A Beginner's Guide to Contact Lenses
Are you thinking of wearing contact lenses? From “what types of contact lenses” are available to “how to wear them”, you may have a lot of questions about being a first-time contact wearer. Contact lenses are a great option for those who need a break from wearing eyeglasses or have corrective surgery. At Pearle Vision, our eye care experts are here to answer all your questions or concerns about prescription contacts.
One of the most important things to keep in mind is that there are several types of contacts available, so there are plenty of options to try out if one doesn’t work for you.
Types of Contact Lenses
- 1. Soft Lenses
Soft contacts are very thin lenses made from hydro gels – a gel-like, plastic material that contains water. These are the most popular types of contacts because they are very comfortable to wear and the most affordable. How much are disposable contacts? Disposable contact lenses can vary in price and go up as the refractive error or specialty needs increase. The most expensive lenses are bifocal or multifocal contact lenses, contact lenses for astigmatism, presbyopia, and contacts for reading (farsightedness). If you have insurance, your policy may help offset some of the cost.
- 2. Silicone Hydrogel Lenses
Silicone hydrogel lenses are an advanced type of soft lens designed with more pores to allow more oxygen to reach the cornea. These types of lenses are also very popular among contact wearers. However, they are pricier than regular soft lenses. Make sure to consult your eye doctor and insurance provider about your options.
- 3. Colored Contact Lenses
Colored contact lenses are often used by people wanting to change their eye color and can cost significantly more than regular, disposable contacts. If you plan to wear them daily, you can purchase prescription colored contacts to correct a refraction error, such as myopia or astigmatism. Color contacts for light eyes should have an enhancement tint that defines the edges of your iris and deepens your natural color for a more realistic look. Hazel or opaque colored contact lenses for dark eyes are best if going for a natural enhancement. If you’re looking for where to buy non-prescription colored contacts, you can find them at retail stores or online. For prescription colored contact lenses, ask your eye doctor.
- 4. Rigid Gas Permeable (RGP) Contacts
RGP contacts designed for long-term and extended use (approved for daily wear up to a year) will typically cost more than disposable contacts. RGP contacts are hard contact lenses made of silicone-containing material that allow oxygen to pass through the lens material to the eye, allowing it to “breathe” better. In most cases, these type of contact lenses must be ordered custom-made for each individual patient. How much are these contacts without insurance? You’ll want to call your eyecare center to confirm as pricing may vary. However, if you do use your insurance, you may receive a reduced out-of-pocket expense, depending on your coverage.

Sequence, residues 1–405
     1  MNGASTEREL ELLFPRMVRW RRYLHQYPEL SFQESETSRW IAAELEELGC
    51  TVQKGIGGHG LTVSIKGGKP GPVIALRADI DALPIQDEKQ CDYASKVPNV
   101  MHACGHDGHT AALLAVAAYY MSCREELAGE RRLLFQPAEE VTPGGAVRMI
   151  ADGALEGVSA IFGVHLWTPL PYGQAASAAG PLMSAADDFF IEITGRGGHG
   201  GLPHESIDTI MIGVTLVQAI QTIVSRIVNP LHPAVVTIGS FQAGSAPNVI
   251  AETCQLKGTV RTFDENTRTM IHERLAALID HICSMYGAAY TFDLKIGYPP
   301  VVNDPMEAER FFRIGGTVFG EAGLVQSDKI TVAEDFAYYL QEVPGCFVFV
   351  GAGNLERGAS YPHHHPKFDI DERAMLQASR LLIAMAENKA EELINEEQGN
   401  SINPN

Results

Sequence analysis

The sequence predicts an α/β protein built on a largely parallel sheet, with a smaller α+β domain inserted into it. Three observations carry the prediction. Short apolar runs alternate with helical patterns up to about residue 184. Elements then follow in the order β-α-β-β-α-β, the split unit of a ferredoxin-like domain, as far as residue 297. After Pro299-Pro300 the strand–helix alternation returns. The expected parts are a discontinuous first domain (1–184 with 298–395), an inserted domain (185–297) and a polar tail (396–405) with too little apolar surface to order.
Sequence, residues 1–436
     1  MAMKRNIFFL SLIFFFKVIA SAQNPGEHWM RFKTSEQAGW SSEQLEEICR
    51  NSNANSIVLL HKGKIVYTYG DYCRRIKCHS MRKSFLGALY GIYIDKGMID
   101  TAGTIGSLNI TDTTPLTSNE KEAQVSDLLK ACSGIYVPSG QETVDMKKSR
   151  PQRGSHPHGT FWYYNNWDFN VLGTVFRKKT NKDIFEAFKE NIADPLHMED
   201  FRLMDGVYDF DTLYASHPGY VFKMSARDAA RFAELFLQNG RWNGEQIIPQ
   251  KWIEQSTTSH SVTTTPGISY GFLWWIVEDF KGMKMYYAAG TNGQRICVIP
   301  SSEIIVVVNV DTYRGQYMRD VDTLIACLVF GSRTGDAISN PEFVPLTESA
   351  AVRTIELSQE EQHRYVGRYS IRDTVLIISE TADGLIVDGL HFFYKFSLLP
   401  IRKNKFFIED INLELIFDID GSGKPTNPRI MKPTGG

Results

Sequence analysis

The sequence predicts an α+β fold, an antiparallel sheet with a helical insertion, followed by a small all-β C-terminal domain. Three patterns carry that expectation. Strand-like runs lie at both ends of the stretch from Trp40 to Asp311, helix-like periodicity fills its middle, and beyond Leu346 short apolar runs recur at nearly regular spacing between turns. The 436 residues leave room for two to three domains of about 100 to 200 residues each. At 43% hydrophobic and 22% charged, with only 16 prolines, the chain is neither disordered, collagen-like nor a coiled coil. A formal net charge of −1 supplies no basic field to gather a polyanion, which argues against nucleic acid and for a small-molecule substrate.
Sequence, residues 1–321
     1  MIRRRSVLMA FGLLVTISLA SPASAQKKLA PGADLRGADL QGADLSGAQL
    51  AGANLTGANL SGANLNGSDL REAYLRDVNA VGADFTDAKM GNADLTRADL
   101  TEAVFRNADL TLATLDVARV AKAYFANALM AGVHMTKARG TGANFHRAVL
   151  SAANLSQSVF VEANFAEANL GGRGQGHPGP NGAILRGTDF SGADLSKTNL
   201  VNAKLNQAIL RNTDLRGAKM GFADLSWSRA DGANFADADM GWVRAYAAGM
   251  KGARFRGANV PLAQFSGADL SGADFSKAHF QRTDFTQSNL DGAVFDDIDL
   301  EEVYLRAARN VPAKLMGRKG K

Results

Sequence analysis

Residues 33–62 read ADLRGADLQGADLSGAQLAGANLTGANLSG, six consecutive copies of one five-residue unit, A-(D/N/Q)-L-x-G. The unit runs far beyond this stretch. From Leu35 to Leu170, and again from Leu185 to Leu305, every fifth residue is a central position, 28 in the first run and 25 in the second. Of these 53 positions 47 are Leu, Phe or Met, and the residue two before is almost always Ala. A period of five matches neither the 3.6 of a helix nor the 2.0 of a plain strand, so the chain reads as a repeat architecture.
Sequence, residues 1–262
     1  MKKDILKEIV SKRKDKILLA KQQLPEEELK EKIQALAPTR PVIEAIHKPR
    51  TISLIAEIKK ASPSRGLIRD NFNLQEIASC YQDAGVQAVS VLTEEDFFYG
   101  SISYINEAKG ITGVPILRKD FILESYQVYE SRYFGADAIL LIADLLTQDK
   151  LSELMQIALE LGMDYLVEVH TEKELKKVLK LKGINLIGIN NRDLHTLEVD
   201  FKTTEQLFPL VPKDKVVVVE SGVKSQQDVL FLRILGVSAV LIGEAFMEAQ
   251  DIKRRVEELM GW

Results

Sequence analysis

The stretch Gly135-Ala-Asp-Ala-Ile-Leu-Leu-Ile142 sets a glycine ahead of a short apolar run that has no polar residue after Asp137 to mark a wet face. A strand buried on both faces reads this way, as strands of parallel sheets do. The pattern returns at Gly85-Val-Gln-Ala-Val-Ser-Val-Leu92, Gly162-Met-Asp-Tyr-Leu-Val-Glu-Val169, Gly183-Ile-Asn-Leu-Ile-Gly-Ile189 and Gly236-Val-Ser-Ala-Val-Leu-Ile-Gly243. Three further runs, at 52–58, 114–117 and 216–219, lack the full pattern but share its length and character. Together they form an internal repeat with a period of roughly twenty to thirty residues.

- 5. Hybrid Contact Lenses
Hybrid contact lenses combine the soft, comfortable feel of silicone hydrogel lenses with the clear optics of RGP lenses. They’re designed with a central zone of rigid permeable that is surrounded by silicone hydrogel material. These lenses can be difficult to adjust to and more expensive than your average soft lenses.
- 6. Polymethyl Methacrylate (PMMA) Contact Lenses
PMMA contacts were the first lenses invented and are made from a transparent rigid plastic material. While these lenses provide wearers with clear vision, they can be difficult to adjust to as they don’t have pores to allow oxygen to reach the cornea. These contact lenses are rarely prescribed and have mostly been replaced by RGP lenses.
- Extended vs. Daily Wear Contact Lenses
Depending on the brand you choose, how long you can wear a pair of contacts will vary from a day to a month. Typically, lenses are classified by these wearing times:
• Daily Wear: These types of contacts must be removed nightly, disinfected, and reused only for the recommended amount of time.
• Extended Wear or Overnight Contacts: These contact lenses can be worn overnight, generally for seven consecutive days without needing to be removed.
• Continuous Wear: These types of lenses have been approved by the FDA to be worn up to 30 consecutive days without removal.
- Types of Disposable Lenses
Regardless of the type of contact lens you choose, make sure to follow the appropriate steps for putting your contacts in and cleaning them to reduce your risk of eye infections, such as pink eye. In addition, you’ll want to replace them regularly as recommended below, depending on the type of lenses you choose:
• Daily Disposable Lenses: These types of lenses have been approved by the FDA to be worn up to 30 consecutive days without removal.
• Disposable Lenses: Replace every two weeks, or sooner
• Frequent Replacement Lenses: Replace monthly
• Reusable Lenses: Replace every six months
Ready for contacts? Schedule an appointment at your neighborhood Pearle Vision to get started.